Review of David Barbaree’s The Exiled

Author Bio: David Barbaree’s debut work is the first volume in a historical trilogy. Deposed is set in Ancient Rome, ten years after the downfall of the emperor Nero. It is a novel of breath-taking scope, showcasing meticulous research and commendable erudition, as well as consummate writing skill and carefully crafted, vivid characters. It was published by Bonnier in May 2017.

Review:

I was provided an ARC through Bonnier Books, my thanks to them for this excellent novel!

This novel is one of those bittersweet endings that does not end up in a happy tale. It is a tale of tragedy, loss and betrayel.

It is also a story that is so immersive, that you are immersed into the world of Ancient Rome. The novel in my opinion has its strengths when it focuses on the individual characters through each chapter. By the end, I had grown a certain fondness for Pliny and Ulpius, who I will not reveal. It is best that you discover who Ulpius is. There are many viewpoints throughout the novel, though I had more sympathy for the Parthian’s point of view. David has done a tremendous amount of research for this novel.

I applaud David for breaking the conventional rules and showing each viewpoint through their point of view. It felt like a memoir, a diary of sorts. I was listening to the HBO soundtrack while listening to this. Its not easy to summarize a novel like this. The story structure is different and the pacing is unusually different. While the novel may feel at the start as a standalone, I would disagree with this. It is a different style that I cannot describe in a simple sentence.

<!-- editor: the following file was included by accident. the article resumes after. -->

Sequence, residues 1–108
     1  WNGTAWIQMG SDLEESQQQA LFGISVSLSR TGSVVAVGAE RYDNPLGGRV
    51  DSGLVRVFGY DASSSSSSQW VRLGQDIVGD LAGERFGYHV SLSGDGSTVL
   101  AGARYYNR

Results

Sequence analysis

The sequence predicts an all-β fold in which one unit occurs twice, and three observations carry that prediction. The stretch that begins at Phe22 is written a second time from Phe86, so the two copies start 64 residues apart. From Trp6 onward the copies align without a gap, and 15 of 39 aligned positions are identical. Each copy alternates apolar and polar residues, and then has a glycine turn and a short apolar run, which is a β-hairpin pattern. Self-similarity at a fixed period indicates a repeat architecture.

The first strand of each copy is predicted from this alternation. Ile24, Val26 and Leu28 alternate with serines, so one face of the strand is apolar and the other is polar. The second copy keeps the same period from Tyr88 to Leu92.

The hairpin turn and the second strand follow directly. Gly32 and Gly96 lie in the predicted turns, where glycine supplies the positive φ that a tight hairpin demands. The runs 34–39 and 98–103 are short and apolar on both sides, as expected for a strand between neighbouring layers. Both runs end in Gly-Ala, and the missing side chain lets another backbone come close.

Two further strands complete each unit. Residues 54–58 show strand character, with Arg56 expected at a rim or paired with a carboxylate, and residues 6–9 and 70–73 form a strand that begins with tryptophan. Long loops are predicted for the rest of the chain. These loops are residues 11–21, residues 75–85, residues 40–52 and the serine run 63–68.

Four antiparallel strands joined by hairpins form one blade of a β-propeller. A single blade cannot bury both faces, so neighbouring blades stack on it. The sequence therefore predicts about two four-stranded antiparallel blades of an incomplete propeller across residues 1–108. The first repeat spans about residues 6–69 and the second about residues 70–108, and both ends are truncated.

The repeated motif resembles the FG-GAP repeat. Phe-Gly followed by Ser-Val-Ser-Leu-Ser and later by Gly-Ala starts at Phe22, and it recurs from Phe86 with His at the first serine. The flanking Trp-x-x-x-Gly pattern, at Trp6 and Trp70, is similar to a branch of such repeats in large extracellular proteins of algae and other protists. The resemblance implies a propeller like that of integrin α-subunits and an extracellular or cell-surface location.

The prose of the second person is David’s great strength in the novel. At many points you’ll laugh, chuckle and feel sadness. Some of the weaknesses held with Gaius, who I felt could have needed more scenes in the book. I feel we did not get to spend enough time with him. Likewise, the relationship between Domitilla and the Batavian needed a more deeper connection, I would have liked to seen more interaction between the two. And Titus’s opposition to this relationship. It is there, but to improve the stakes for this could also have been a more powerful cliff-hanger.

With Barlaas, I think he could have been given more of a motivation to run his ambitions to escape Rome. However, this is my general thought. Over-all, this novel is a complicated but enjoyable novel. When I mean complicated, think of it like looking at a 400 page hardcover of a new fantasy book, if this was a fantasy novel, I can gurantee you this would be a excellent debut.

This is definitely one of the best novels I’ve read on Rome, and this tops the rest. Compared to the other authors, this is AMAZING!

I enjoyed this novel, and my rating is 4.5/5

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